918-938-7912

Source: https://www.appticles.com/blog/2016/03/mobile-vs-desktop-13-essential-user-behaviors/

Social Media Spotlight: Keebler

Branded Twitter accounts are a tricky business. Everything and everyone has Twitter these days, and it can be difficult for brands to get noticed amongst the sea of content and attract followers who are actually interested in seeing branded posts. Many perceive branded accounts as irrelevant, inauthentic or uninteresting.

The folks at Keebler took both these considerations into account and decided not to waste time pretending to be social media savvy. Their “Ernie Keebler” account is essentially a chronicle of the lovable old elf’s attempts to master the ins and outs of the worldwide web.

Ernie’s Twitter bio sets the tone of the page: “Was so busy baking uncommonly good cookies and crackers that I just found out about the Twitter. Now I’m working hard to get up to date. Hashtag excited!”

His tweets are sprinkled with comical misuse of internet lingo. For example, “People here say to avoid trolls. But why would I? My neighbor’s a troll, and he loves Fudge Stripes. He’s the best!”

Others feature shaky home videos of the Hollow Tree cookie factory and clumsy attempts at selfies. One post features a gif of Ernie playing Pong (a game some younger Twitter users may have never even heard of). Another asks, “Can someone put me in the picture with the Pumpkin Spice Fudge Stripes? I haven’t been to the Photo Shop.” It’s accompanied by a shot of the new Pumpkin Spice cookies and a hilarious, awkwardly posed photo of Ernie.

It’s a fun strategy that plays off a familiar old character, a clever interpretation of both Ernie’s status as a well-loved symbol and his physical age. People have taken notice of it on Twitter—many of Ernie’s tweets have garnered a few thousand likes and retweets—and the account has been mentioned by users on other websites like Tumblr.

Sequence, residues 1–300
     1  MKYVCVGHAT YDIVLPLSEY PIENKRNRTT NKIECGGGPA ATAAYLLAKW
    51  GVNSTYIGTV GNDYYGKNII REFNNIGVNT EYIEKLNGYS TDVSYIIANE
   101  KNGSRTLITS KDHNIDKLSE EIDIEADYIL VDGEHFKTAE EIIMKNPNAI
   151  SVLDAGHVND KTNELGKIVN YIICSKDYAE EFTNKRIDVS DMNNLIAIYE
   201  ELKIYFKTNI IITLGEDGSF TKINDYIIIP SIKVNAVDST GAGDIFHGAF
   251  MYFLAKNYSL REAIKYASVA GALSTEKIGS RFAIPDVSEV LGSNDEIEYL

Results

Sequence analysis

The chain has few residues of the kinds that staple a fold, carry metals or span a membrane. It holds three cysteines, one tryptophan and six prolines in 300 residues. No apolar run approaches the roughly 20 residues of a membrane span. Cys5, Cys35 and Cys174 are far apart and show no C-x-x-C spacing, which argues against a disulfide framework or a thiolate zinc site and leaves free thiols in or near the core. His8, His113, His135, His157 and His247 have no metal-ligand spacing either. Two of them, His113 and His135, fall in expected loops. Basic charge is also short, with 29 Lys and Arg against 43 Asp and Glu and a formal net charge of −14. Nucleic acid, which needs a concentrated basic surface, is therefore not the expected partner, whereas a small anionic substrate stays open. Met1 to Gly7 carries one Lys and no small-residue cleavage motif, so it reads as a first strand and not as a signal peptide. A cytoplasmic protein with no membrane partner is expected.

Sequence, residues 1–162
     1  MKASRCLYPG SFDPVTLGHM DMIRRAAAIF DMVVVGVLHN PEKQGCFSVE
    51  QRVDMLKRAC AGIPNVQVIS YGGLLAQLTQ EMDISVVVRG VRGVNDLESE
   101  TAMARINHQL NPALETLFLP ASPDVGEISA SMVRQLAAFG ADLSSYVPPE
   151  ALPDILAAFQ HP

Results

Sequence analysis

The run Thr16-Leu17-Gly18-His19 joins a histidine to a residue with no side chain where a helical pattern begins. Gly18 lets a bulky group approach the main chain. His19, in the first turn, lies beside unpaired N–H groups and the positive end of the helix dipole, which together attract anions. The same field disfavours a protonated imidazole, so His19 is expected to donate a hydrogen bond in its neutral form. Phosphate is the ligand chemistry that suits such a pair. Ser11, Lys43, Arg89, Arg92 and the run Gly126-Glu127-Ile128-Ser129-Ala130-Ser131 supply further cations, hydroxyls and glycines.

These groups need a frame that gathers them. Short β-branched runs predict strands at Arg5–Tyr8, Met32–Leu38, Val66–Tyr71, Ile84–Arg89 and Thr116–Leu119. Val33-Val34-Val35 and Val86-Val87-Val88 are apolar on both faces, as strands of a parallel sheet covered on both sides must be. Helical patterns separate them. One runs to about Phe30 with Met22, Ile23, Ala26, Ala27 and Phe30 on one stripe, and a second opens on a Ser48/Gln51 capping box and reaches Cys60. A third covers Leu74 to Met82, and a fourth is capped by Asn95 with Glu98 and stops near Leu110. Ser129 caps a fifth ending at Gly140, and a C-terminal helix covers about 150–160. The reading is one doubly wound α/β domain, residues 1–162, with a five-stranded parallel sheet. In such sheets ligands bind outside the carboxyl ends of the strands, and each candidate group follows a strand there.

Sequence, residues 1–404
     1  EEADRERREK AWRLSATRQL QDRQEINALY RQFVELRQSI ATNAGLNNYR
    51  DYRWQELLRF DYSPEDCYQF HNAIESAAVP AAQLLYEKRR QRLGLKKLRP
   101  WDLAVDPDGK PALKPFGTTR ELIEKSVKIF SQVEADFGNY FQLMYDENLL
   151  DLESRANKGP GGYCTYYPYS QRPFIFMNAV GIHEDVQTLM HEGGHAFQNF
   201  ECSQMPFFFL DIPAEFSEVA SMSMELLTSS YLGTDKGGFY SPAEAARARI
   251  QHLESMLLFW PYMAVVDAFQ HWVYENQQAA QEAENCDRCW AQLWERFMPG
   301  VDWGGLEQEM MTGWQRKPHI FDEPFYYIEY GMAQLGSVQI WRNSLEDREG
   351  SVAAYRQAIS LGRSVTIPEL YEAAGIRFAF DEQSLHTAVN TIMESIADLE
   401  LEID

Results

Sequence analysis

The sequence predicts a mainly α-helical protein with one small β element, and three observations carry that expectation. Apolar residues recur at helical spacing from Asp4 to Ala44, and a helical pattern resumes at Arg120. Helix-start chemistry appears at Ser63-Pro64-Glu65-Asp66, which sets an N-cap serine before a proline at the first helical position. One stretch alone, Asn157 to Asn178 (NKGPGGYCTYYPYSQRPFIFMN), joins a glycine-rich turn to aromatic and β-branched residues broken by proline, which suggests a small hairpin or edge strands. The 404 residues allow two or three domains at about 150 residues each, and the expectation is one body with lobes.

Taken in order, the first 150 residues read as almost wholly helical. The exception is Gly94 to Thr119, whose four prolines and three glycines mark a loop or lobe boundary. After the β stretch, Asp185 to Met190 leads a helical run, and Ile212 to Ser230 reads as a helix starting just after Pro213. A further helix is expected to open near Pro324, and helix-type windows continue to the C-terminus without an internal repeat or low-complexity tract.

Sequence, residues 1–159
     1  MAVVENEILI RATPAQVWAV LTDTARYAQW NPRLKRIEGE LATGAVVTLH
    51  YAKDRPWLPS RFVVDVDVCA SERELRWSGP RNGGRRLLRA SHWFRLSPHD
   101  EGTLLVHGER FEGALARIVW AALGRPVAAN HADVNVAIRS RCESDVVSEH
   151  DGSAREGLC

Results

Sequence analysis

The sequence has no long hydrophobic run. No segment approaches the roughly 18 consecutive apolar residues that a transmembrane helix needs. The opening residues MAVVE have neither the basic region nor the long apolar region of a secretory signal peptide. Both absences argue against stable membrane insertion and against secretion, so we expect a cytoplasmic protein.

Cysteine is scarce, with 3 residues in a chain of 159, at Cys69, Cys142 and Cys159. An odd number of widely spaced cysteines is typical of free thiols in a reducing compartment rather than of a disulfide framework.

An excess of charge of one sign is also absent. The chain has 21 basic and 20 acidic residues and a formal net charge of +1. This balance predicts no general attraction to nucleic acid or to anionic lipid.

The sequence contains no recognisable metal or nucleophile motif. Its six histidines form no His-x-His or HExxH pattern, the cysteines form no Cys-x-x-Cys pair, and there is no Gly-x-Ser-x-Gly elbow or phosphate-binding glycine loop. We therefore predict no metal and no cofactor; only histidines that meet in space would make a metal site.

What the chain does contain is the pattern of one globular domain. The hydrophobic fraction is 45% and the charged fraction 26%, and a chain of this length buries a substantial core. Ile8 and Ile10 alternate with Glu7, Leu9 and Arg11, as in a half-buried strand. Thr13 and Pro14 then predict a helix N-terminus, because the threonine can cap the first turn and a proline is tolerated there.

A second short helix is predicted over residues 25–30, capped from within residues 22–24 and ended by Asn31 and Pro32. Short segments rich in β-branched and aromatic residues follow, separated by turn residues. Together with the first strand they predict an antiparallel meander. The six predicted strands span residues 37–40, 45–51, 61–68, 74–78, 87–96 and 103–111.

There are a surprising number of customers interacting with the account. Ernie always responds with a carefully curated and lovable personality. For example, he greeted one of his new followers: “By golly @alainhanna55! I see that you started following me on the Twitter, but when I looked over my shoulder…you weren’t there!”

Twitter users—especially young people—are a little jaded by brands making shaky attempts to latch on to the latest trend. They’re much more likely to be sympathetic to the technologically inept Ernie, who seems honest and endearing.

The Ernie Keebler account plays off social media norms in a subtle way, suggesting that while Ernie may not know how social media works, the professionals at Keebler sure do. They’ve done a great job building a personality for Ernie and using their social media in a creative way that attracts Twitter users rather than alienating them.

Do you know of any branded Twitter accounts worth talking about? Tell us about your favorites in the comments.

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AcrobatAnt Marketing & Advertising 
AcrobatAnt.com
1336 East 15th Street
Tulsa, OK 74120
918-938-7912